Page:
Seven in 10 of the institutions of higher learning told The Segal Company for its poll that administrators had instituted tiered prescription drug coverage while another 12% either planned the move for the coming year or were actively considering it. Meanwhile, 65% of the Segal respondents said they had already cost-shifted more of the health coverage expenses to both workers and retirees and another 29% either planned it or were actively pondering the move.
The list of health cost increase responses also included:
- pored over medical and drug utilization data to find drivers of increased cost – 58% done, 24% planned or considered
- banded together with similar employers to hammer out group rates with suppliers – 39% done, 35% planned or considered
- negotiated with pharmacy benefit managers for better deals – 27% done, 23% planned or considered.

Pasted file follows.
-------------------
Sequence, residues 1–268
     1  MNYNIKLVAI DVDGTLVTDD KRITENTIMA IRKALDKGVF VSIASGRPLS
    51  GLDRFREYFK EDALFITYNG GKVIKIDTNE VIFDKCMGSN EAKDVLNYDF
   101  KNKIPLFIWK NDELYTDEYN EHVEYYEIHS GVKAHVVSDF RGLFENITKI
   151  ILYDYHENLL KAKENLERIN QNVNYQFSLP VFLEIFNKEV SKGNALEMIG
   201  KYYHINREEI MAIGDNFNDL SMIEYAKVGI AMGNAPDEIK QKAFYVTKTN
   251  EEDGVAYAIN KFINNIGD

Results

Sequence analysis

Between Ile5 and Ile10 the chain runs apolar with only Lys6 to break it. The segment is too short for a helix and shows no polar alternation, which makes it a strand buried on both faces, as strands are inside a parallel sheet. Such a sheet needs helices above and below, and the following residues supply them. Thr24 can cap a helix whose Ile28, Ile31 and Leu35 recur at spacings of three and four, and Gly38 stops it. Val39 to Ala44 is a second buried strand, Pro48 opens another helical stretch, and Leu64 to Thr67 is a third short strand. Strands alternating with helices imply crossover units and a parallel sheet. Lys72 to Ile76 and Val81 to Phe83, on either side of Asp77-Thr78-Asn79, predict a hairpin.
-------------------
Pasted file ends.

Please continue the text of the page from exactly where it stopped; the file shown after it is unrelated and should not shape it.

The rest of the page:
Separately, several respondents indicated that they also met with employees to discuss the impact of rising health-care coverage rates and established incentives to use mail-order prescription drug suppliers.
Also, it was abundantly clear that issue is as much of a hot button on campus as it is with other employers. Some 95% of respondents said the cost hikes were either extremely or moderately important – significantly ahead in those classifying it as extremely important compared to the effects of higher education funding cutbacks and defining HRs role as a campus strategic leader.
The survey covered 61 members of the College and University Professional Association (CUPA).